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Jerusalem Center for Public Affairs
Strategic Alliances for a Secure, Connected, and Prosperous Region

Why Arafat Went to War: The Wrong Lessons from Lebanon and Kosovo

Filed under: Israeli Security, Palestinians
Publication: Jerusalem Issue Briefs

Vol. 2, No. 1     June 19, 2002

When Yasser Arafat unleashed terrorist violence against Israel in September 2000, he was applying mistaken lessons from the conflicts in Lebanon and Kosovo, according to Brig. Gen. Eival Gilady, speaking at the inaugural lecture of the Institute for Contemporary Affairs at the Jerusalem Center for Public Affairs on May 27, 2002.

Gilady, head of the IDF’s Strategic Planning Branch, explained that prior to Israel’s withdrawal from Lebanon in May 2000, Arafat witnessed Israeli reactions to the average loss of 25 IDF soldiers annually. Arafat saw a strong movement arise in Israeli society that applied effective pressure on the nation’s decision-makers and asked them some very tough questions: “What are we doing there? Why should we pay that price? Twenty-five soldiers a year? Can’t we defend ourselves from the international border?”

Arafat thought to himself, “Twenty-five soldiers a year? That’s easy. I can give them 250 deaths a year. If I can provide a large enough number of casualties, Israeli society will ask the same tough questions: ‘What are we doing in the West Bank? Why can’t we pull out of there? Why stay in the Gaza Strip?'” Arafat thought he could achieve much more this way than at the negotiating table.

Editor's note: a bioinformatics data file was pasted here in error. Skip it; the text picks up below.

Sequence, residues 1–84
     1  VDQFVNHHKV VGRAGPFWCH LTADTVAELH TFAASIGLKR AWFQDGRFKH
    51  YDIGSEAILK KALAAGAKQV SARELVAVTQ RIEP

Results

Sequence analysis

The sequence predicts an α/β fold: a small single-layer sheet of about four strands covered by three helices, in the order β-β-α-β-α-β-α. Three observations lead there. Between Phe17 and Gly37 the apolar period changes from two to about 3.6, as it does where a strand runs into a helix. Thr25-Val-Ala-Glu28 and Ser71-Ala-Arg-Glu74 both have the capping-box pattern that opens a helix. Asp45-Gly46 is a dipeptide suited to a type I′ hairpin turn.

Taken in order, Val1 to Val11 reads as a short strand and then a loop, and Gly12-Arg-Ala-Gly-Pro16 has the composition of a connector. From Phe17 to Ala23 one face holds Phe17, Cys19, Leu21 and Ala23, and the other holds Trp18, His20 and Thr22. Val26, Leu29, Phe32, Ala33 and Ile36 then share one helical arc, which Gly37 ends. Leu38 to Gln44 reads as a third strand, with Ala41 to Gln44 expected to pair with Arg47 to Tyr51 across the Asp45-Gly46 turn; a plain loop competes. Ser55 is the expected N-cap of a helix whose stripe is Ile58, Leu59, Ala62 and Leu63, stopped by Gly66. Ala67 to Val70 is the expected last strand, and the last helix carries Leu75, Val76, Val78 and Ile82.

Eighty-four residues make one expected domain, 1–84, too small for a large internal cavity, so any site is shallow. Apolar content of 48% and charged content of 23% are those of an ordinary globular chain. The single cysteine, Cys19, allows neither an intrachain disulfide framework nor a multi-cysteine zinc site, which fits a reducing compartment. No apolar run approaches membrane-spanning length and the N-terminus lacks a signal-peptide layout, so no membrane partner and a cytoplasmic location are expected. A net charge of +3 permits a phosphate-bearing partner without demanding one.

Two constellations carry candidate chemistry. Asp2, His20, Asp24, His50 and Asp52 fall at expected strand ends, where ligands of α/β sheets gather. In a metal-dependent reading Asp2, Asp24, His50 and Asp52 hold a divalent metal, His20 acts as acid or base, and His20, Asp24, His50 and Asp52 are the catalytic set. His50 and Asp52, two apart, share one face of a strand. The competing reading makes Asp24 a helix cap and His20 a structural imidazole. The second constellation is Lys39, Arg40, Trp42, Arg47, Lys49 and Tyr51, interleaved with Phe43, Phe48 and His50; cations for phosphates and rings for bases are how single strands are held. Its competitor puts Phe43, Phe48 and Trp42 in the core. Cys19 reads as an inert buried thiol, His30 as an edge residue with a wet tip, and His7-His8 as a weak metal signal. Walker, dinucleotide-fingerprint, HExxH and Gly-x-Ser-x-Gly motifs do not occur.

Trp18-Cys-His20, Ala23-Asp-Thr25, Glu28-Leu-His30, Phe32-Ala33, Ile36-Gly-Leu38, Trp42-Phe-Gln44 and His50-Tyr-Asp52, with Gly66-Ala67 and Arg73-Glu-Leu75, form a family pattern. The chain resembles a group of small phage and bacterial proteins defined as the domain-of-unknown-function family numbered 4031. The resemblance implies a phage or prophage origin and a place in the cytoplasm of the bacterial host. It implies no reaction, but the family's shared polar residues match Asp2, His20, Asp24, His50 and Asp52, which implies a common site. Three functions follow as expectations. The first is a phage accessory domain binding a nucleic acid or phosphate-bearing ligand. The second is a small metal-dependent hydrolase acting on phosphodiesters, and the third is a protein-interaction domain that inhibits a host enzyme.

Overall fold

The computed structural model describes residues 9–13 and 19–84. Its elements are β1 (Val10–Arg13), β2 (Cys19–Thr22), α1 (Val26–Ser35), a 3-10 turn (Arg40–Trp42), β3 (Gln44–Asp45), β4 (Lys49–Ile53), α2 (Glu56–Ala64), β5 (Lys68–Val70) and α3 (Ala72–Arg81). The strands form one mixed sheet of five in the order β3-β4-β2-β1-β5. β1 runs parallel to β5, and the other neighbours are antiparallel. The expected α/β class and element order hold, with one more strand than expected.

In Kosovo, Arafat saw a small minority of Moslems, the Albanians (attacked by Serbs), bring in the whole world to intervene — not only politically but also militarily. Arafat’s plan was to create a large number of casualties among the Israeli people in order to achieve the required pressure on the decision-makers, on the one hand, and on the other, to provoke Israel to respond excessively, so that there would be enough casualties on the Palestinian side to force the world to intervene.


Israel’s Restrained Response

Arafat’s strategy led to an Israeli counterstrategy of restraint. “We understood that we needed not only to minimize the number of casualties on our side, but that it was very important that we minimize the number of casualties on the Palestinian side as well. So the IDF adopted an overt strategy of very strong restraint, much more defense than offense. We sought to do everything possible to minimize the number of casualties not only on our side but also on the other side.”

All of the Palestinian terrorist organizations are involved in attacks against Israel. Arafat’s Fatah organization is responsible for 42 percent of the attacks; Hamas 39 percent; Palestinian Islamic Jihad 9 percent; and the PFLP 3 percent. Most of the terror activities carried out in the last few months, not just in the last few weeks, are being carried out by Fatah, and we expect a lot more in the way of results from the Palestinian Authority in stopping terrorism than we have been getting.”


The Karine-A Weapons Ship

The Palestinian Authority’s arms procurement operation that culminated in the capture of the Karine-A in early January 2002 actually began in May 2001. After the September 11 attack, the Palestinian Authority must have asked itself whether to continue the smuggling operation, and a decision was taken to do so. “While the entire world focused on terrorism and tried to understand what should and should not be done, what are legal and what are illegal weapons, the Karine-A operation continued.”